Dad's Shotgun

Discussion in 'General Shotgun Discussion' started by sarge_257, Nov 15, 2010.

  1. sarge_257

    sarge_257 New Member

    Dad's Guns.

    I was in my walk-in gun vault and a cased gun off to the side caught my eye. On the outside it said "Dad's shotgun". I opened it up and held it in my hands and in my mind I could bring up many memories. But the last time my Dad had this gun was not a good memory for me. We were back home, my boys, wife and me. It was Labor day weekend and our clan gathered for an impromptu family reunion. All my sisters were there and their families. My Dad was feeling poorly which really surprised me. He was the strongest man I ever knew and was rarely sick. Just as we were all preparing to leave Dad asked me a favor.
    "Son, could you take my guns home with you and check them out and clean them up for hunting season?" he asked.
    "Sure Dad be glad to, which one do you want me to take?" I asked.
    "Take all of them son." he replied.
    Now that was strange I thought, he will not be hunting with all of them, but I agreed and loaded all his guns, about 8 of them into the truck. A week later we got the word from Mom that Dad had cancer and three months later he died from it.
    Sitting out in the garage by myself after that news I was talking to my Dad, and I told him, "Dad you knew you had that cancer eating in you didn't you. And you wanted to make sure that your only son got your guns." "Thanks Dad"
    But Dad's guns do not bring just sad memories, I remember when my father bought the shotgun that I had in my hands. We went into town to get some tractor parts and I was always happy to go to the Hardware store in our little town. There were so many wonderful things for a boy to look at in hardware stores. And especially they sold the 10 cent packages of BB's for my treasured Daisy Red Ryder BB gun. Well I got my BB's but they didn't excite me half as much as the shotgun that Dad bought. It was not an expensive gun, rather a cheap farmers gun. A bolt action 16 ga. that could do many things from deer hunting to varmit patrol.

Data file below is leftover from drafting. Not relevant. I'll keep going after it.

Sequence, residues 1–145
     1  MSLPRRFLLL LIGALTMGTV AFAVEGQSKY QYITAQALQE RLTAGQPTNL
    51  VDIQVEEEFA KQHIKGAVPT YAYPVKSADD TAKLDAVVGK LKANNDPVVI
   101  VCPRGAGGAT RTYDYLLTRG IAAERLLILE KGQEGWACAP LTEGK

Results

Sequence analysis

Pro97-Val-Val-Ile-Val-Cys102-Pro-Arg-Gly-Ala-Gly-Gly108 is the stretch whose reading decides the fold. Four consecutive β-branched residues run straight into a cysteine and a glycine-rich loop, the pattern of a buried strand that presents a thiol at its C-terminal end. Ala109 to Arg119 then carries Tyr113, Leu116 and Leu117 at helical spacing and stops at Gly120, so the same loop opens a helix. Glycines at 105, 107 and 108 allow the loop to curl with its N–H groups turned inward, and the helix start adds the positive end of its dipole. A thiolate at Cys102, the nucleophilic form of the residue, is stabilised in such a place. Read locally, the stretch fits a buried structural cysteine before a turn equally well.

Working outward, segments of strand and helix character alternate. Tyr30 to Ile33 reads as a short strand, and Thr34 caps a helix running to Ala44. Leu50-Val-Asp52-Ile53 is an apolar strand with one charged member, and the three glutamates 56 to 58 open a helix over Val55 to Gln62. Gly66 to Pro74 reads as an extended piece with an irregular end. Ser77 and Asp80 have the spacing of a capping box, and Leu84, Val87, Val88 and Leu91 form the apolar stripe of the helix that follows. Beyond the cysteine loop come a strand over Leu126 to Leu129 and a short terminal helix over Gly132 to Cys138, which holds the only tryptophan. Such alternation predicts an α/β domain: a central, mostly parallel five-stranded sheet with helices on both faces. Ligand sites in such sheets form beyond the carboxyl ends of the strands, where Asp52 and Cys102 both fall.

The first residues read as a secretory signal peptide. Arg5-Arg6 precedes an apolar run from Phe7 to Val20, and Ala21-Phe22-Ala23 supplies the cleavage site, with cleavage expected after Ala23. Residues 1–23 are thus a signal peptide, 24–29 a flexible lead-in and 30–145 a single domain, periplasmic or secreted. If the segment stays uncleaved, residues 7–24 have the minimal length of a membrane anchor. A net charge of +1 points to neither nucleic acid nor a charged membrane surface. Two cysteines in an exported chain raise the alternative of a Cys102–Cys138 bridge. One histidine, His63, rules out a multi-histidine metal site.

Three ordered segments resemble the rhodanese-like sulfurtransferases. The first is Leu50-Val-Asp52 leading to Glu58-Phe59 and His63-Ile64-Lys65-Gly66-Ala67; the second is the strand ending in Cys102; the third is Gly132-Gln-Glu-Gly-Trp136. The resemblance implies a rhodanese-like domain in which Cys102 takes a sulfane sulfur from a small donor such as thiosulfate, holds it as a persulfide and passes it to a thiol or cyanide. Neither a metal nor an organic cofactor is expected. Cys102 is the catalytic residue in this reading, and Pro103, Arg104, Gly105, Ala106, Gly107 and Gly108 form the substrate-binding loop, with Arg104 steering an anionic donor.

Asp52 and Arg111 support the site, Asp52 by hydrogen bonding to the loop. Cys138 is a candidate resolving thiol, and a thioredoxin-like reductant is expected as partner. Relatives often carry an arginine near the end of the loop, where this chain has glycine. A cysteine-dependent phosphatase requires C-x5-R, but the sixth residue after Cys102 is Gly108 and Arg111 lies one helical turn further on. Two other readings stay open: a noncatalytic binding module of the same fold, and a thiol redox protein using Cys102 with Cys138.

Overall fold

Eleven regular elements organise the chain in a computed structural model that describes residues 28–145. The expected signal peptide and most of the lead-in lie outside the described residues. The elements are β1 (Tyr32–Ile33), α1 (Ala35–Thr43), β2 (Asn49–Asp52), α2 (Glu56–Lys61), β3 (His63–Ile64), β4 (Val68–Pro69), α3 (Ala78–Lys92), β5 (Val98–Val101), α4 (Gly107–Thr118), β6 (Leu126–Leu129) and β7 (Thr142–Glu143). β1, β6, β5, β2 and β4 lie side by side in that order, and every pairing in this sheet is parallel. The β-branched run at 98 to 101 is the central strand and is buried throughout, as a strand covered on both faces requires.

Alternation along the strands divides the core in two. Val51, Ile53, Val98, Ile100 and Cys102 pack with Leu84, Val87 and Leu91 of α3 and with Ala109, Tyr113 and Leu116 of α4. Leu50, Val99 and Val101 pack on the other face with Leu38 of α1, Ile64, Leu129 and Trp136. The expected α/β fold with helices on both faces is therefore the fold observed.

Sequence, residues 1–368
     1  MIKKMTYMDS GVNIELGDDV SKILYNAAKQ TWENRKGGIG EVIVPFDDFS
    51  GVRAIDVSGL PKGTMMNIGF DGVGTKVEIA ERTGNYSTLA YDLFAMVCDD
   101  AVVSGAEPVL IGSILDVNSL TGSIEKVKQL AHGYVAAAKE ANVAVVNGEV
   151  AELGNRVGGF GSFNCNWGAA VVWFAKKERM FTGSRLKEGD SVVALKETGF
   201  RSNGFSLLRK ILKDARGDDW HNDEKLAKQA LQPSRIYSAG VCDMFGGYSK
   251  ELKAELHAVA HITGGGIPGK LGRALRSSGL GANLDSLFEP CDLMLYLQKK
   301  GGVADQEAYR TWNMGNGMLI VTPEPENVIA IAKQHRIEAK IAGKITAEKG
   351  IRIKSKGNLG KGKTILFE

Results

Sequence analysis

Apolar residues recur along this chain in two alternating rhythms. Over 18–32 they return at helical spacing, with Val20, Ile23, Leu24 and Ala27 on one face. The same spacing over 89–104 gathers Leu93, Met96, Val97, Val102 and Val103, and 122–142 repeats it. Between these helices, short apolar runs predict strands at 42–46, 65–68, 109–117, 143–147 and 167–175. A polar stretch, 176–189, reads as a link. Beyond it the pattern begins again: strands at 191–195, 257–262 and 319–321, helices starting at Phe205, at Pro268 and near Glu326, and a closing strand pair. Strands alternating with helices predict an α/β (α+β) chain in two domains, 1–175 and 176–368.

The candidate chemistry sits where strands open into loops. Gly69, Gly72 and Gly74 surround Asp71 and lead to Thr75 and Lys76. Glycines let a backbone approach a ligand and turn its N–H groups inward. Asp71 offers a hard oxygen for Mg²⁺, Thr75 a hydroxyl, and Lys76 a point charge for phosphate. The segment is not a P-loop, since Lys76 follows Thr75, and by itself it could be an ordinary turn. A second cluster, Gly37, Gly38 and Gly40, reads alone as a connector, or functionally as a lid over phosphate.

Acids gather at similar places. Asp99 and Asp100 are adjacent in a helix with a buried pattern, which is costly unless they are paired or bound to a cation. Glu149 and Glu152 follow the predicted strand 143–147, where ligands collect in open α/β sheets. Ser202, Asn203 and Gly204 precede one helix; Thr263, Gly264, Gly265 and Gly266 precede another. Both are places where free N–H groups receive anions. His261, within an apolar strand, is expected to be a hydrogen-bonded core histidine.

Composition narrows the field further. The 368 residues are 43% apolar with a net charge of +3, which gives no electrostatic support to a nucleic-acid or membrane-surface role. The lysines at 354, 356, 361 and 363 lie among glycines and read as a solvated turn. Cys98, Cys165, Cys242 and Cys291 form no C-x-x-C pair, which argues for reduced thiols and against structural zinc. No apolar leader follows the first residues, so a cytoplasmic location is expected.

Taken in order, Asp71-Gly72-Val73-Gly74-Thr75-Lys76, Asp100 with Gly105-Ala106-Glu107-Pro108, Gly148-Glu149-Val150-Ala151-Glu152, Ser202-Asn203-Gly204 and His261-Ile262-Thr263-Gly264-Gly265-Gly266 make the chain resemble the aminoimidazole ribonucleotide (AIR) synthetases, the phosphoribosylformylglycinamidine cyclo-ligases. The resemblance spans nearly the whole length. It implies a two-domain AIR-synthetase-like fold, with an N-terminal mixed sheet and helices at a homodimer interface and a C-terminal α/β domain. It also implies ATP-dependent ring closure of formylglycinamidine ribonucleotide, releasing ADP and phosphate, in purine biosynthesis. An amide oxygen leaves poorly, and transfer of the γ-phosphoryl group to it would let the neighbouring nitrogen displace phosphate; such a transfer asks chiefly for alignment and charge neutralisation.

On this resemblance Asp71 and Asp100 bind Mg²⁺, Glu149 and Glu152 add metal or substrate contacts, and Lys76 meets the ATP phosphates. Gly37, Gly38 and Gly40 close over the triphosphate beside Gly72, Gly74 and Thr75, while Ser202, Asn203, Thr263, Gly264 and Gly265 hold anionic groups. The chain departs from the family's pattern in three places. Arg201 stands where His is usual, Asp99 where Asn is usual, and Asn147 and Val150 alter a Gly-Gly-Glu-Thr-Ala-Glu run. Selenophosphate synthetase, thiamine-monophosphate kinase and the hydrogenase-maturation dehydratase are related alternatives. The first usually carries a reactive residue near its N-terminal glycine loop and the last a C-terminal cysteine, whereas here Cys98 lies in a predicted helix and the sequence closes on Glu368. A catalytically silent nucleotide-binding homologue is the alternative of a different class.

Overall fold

When we got home and Mom saw that shotgun she had a fit. Mom and Dad rarely argued but this time Mom had a full head of steam. She lamblasted Dad for spending money on that gun when we needed groceries and feed for the livestock. Me, I just stayed out of the way of adults arguing. The next morning Dad woke me up early and told me to bring my hunting knife with me. We hurried the chores and then took a walk to the pasture. I was all excited when Dad told me we were going to get us a deer. Dad took up a good stand and had me go up the hill and told me to walk through the corn field and make a lot of noise. I did his instructions and very shortly I heard one shot. BOOM! I ran down the hill as fast as I could and there Dad stood next to a big corn fed deer. The first shot that went through that gun brought us 50 lbs of good healthy meat for our family.
    When we got the deer back home and showed it to Mom she just sniffed and said nothing. As a matter of fact the money that was spent on that shotgun was never mentioned by Mom again. Yes Dad did have a little grin on his face when he showed Mom the deer. I found that I had a grin on my face too as I put Dad's shotgun back in it's case and put it away.
  2. JTJ

    JTJ Well-Known Member Supporter

    Sarge; You do a great job writing. I really enjoy your posts. I have a friend that is a WW2 Navy vet. He joined the Navy at 17 and served on PT boats in the South Pacific. He saw a lot of action. He is a retired Master Chief. He is a pretty decent writer also and has been working on his Tales of an Old Dry Frog. I believe it will be published. A lot of interesting tales.

  3. Neophyte1

    Neophyte1 New Member


    Sir; I enjoy your stories; I too celebrate ''things'' that my father shared.
    a very warm feeling:)